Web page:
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superq7
24th May 2014, 11:45
Interesting case, see link.

BBC News - Slovak parents fail to block adoption by gay couple (http://www.bbc.co.uk/news/uk-27552716)

John Hill
24th May 2014, 12:42
It is indeed very interesting especially due to the number of aspects to the story.

superq7
24th May 2014, 12:49
If they'd cared for the poor little mites they wouldn't be in this position.

Bronx
27th May 2014, 22:06
If they'd cared for the poor little mites they wouldn't be in this position.
If you mean by English standards then I agree.

But I sympathize with the parents despite that.

In Slovakia, they were a model family - very different from the way some Roma live. The father is hard-working, well-educated; he wanted the best for his children. In what the appeal judge described as a "very sad case", the boys - aged two and four - were put up for adoption because of concerns about the couple's parenting. The court heard the boys' older siblings' school attendance was poor, that they were left alone and "over-chastised" - the father admitted he had beaten them - and sometimes appeared dirty and unkempt.
Mrs Justice Theis decided the parents were unwilling to acknowledge the criticisms or to change how they parented their children and ruled the younger boys should be adopted, for their long-term welfare.
Fair enough.
If they choose to live in England they have to accept English standards.
If they won't they lose their children.
However, the judge also said any adoption placement should be "sensitive to their needs and identity".

The children come from a Slovak Roma family and are practicing Roman Catholics.
So what do the social workers do?
Place the children with a homosexual couple. :rolleyes:

That won't promote their Roma heritage or promote their Catholic faith.
Their homosexual lifestyle goes against Roma culture and lifestyle. The children will not be able to be brought up in the Catholic faith because of the conflicts between Catholicism and homosexuality. Their Slovak roots and values will not be maintained.

The parents argued -
“If, as expected, our children will try to find us and their siblings and roots, then they will discover the huge differences between our culture and the couple with whom they have been brought up. This is likely to cause them great upset and to suffer a conflict within themselves such as to set them against their adoptive parents. This would therefore cause the children great psychological harm as homosexuality is not recognised in the world wide Roma community. Having Roma children live with homosexuals or being adopted by them would be found to be humiliating ... Ethnic, cultural and religious identity is an important part of identity and this aspect of a child’s needs in an adoptive placement should be considered very carefully.”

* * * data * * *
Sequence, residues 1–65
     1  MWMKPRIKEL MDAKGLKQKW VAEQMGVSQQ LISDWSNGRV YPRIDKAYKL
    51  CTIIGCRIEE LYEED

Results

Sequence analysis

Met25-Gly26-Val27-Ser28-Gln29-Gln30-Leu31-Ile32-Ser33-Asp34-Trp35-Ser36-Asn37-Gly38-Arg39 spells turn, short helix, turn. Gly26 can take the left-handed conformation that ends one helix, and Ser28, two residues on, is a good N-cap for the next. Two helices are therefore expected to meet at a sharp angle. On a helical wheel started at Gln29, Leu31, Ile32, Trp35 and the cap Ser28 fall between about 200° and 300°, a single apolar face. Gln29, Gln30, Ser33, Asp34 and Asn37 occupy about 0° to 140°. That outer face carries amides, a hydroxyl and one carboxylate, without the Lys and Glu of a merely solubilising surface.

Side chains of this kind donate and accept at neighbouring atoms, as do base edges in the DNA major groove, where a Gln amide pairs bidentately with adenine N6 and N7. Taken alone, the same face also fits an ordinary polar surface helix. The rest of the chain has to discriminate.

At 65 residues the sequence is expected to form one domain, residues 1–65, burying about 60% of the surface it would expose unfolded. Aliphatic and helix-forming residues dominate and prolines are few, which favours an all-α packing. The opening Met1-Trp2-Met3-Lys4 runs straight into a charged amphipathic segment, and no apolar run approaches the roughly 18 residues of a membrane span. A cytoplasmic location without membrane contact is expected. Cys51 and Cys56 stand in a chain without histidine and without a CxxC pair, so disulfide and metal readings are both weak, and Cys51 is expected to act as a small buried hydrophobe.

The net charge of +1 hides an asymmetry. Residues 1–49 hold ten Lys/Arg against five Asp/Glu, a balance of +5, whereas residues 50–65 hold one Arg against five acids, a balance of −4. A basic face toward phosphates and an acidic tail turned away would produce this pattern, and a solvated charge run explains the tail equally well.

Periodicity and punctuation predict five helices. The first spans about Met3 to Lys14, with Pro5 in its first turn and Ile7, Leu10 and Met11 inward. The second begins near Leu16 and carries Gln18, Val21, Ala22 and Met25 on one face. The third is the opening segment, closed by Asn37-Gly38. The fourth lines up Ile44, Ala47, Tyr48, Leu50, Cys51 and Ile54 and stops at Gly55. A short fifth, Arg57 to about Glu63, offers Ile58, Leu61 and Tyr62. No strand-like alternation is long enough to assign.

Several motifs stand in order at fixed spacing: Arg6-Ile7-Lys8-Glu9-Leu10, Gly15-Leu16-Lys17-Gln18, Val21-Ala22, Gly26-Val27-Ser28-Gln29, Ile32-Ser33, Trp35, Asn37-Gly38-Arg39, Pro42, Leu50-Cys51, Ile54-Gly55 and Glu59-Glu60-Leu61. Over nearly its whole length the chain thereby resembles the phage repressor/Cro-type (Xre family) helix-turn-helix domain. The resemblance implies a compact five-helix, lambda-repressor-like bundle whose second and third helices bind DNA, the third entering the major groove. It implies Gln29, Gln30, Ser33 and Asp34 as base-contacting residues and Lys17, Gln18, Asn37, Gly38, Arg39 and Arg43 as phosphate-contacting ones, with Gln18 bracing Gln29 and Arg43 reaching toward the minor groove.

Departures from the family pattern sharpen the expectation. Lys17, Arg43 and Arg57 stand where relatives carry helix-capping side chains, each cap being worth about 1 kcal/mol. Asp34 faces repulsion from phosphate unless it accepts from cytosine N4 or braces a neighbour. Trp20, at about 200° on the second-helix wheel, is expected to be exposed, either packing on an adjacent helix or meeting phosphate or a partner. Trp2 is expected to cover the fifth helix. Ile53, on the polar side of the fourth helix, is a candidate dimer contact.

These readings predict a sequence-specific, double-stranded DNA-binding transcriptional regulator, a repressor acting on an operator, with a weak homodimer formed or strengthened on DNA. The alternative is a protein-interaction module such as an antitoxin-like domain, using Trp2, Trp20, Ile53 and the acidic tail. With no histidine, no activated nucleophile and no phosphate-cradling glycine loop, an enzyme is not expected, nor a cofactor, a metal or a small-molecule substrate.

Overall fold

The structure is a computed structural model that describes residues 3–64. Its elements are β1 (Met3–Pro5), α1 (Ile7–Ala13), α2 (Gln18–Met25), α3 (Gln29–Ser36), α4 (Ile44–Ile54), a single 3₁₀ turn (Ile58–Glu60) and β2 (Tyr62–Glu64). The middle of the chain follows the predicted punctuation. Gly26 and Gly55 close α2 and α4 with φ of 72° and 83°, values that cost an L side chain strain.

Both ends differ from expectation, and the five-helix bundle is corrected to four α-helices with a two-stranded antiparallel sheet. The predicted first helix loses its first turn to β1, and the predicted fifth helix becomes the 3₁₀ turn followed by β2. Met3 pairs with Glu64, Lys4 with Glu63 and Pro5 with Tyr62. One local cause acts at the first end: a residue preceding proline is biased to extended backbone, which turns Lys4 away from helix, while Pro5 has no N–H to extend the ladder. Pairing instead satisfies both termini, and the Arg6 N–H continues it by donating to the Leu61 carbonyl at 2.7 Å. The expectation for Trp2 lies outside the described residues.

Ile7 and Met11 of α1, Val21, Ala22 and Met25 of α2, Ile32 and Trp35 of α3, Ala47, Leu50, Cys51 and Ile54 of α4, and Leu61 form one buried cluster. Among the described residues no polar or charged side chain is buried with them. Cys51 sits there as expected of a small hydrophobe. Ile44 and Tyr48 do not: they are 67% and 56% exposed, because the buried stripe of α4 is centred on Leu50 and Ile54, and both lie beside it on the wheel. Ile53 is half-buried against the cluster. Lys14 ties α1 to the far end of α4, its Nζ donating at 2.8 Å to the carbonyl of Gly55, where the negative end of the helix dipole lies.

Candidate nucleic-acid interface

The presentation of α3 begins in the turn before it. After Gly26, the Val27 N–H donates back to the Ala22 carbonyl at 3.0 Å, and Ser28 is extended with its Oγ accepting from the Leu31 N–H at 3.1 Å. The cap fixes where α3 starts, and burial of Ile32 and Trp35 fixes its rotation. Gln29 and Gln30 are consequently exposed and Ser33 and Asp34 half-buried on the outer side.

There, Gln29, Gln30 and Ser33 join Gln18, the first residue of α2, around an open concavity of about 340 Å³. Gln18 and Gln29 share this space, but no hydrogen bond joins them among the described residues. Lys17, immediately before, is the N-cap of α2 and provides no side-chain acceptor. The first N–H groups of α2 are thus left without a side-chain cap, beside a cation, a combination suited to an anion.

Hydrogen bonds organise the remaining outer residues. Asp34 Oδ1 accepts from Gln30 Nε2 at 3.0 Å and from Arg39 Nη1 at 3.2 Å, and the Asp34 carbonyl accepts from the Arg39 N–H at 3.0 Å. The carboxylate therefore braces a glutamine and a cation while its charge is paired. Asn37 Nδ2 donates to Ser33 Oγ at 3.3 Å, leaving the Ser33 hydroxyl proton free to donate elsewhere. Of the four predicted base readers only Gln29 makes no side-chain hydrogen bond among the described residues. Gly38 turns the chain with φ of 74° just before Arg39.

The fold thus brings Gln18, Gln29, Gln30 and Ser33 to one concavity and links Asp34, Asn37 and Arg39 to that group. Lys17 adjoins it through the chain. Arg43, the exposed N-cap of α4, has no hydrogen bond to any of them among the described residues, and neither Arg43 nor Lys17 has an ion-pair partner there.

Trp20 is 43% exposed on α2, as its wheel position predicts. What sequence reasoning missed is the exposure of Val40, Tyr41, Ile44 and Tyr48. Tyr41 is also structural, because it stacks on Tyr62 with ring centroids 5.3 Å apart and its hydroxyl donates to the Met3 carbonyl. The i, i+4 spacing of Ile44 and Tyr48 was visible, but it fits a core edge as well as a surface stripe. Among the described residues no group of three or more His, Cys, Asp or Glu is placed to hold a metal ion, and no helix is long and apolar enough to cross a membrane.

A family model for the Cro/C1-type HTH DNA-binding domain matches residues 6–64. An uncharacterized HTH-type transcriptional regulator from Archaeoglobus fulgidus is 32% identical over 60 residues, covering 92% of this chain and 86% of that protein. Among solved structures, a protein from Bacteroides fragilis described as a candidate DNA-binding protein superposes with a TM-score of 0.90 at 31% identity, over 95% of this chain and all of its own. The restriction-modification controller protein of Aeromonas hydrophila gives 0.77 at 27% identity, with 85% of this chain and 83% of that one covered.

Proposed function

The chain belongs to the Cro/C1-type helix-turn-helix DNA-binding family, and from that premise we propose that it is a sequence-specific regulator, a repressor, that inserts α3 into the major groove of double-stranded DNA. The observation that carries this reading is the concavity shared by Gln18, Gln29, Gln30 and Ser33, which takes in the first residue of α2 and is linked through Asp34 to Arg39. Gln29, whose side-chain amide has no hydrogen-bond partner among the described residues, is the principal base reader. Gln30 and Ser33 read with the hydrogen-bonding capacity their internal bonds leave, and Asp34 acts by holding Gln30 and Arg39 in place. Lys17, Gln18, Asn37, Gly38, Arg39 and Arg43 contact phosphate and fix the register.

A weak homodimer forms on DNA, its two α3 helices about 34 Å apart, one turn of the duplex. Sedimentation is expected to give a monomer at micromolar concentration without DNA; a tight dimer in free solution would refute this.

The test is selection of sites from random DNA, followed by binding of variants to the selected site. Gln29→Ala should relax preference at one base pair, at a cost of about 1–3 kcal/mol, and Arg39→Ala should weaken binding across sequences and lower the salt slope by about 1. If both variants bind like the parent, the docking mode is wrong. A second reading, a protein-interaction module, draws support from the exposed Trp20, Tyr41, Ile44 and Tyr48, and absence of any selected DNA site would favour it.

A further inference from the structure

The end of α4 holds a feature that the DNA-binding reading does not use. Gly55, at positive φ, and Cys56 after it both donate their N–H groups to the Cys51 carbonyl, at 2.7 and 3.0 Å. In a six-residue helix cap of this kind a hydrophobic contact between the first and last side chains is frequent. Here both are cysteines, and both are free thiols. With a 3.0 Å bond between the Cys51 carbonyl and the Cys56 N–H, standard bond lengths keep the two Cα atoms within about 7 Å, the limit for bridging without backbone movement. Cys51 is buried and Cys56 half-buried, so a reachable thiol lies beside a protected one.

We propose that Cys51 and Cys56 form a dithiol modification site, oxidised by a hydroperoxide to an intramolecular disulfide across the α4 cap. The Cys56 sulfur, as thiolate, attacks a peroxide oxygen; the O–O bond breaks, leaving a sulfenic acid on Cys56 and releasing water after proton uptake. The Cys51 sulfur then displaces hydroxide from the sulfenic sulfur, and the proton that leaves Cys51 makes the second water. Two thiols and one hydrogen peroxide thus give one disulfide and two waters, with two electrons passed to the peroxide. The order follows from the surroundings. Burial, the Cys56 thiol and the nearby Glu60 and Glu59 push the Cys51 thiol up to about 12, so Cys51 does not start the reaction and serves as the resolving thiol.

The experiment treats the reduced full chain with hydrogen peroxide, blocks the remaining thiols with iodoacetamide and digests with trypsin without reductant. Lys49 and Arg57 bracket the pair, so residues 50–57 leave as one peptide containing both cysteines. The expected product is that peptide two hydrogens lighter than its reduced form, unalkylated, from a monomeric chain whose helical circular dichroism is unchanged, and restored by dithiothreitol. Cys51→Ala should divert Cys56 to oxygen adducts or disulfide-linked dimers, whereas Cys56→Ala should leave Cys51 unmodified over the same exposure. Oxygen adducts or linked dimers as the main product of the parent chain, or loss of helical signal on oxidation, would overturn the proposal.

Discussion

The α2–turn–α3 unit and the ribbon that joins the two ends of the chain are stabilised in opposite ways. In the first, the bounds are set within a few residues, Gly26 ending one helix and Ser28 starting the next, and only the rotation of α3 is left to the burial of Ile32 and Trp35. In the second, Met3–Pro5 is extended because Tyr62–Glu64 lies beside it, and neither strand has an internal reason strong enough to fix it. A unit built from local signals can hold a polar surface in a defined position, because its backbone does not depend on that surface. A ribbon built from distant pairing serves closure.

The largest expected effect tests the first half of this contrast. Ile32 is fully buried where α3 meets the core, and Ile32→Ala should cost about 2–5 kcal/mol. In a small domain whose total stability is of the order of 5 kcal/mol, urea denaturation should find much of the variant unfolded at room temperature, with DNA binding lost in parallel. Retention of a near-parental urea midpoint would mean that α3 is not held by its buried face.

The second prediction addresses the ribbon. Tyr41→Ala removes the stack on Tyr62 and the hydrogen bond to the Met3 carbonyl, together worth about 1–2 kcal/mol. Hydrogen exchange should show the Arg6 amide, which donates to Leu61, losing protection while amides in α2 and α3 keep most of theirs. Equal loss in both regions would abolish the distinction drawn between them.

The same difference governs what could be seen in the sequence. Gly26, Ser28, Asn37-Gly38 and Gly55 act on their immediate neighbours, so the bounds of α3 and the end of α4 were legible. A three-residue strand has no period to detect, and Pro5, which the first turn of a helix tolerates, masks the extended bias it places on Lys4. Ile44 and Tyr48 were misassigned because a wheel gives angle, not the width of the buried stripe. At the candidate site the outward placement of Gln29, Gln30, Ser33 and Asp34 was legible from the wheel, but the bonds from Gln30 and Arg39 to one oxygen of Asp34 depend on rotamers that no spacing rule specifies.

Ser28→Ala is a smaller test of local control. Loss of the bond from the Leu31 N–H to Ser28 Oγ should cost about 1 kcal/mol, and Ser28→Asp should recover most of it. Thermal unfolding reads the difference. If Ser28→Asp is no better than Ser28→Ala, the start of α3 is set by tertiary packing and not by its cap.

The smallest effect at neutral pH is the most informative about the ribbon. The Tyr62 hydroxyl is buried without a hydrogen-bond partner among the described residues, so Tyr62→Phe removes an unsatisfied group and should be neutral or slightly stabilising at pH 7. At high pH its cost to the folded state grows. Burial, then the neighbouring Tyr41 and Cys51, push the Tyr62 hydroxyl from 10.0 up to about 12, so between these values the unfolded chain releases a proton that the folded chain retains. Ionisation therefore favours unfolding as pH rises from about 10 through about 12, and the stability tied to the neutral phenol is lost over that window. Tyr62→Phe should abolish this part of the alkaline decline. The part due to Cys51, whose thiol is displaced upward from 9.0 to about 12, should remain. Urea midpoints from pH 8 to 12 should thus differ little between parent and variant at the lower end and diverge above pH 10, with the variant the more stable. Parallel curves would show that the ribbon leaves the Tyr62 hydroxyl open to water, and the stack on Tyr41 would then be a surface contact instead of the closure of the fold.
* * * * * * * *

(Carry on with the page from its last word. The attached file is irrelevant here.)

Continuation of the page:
“This is social engineering and is a conscious and deliberate effort by Kent County Council to transform our children from Slovak Roma children to English middle class children.”

The Council ignored the first judge's direction that any adoption placement should be "sensitive to their needs and identity"
and the appeal judge upheld their decision on some technical point of law.

Were there really no assessed/approved heterosexual couples available to adopt the children?
I doubt it.

Having your children taken away is punishment enough.
Ignoring the parents wishes and placing the children with a couple of homosexuals is more distressing than necessary.

Fox3WheresMyBanana
27th May 2014, 23:07
A lot of good points Bronx, but
as homosexuality is not recognised in the world wide Roma community

Sounds suspiciously similar to "There are no gays in ...(insert latest bigoted regime to utter this - Sochi, Russia I think)"

What if one or both of these boys turn out to be gay? Anyone think they'll be better off in a community that doesn't even recognise them as human beings?

Bronx
27th May 2014, 23:37
I wasn't suggesting putting the boys in a community "that doesn't even recognise them as human beings" (as you describe it).
They were being placed in a community in England.

IMHO they should not have been placed with a homosexual couple unless there really was no eligible hetersosexual couple available which is extremely unlikely.

Fox3WheresMyBanana
27th May 2014, 23:44
Anti-Homosexuality is illegal under English law. The Council would have to be blind to the sexuality of the adopting couple. Freedom of religion is a right. I would hope that Catholic couples were considered first. Unsurprisingly, they would all be heterosexual; but assuming none of them were available and willing, it's difficult to see what restrictions the council would, could or should place.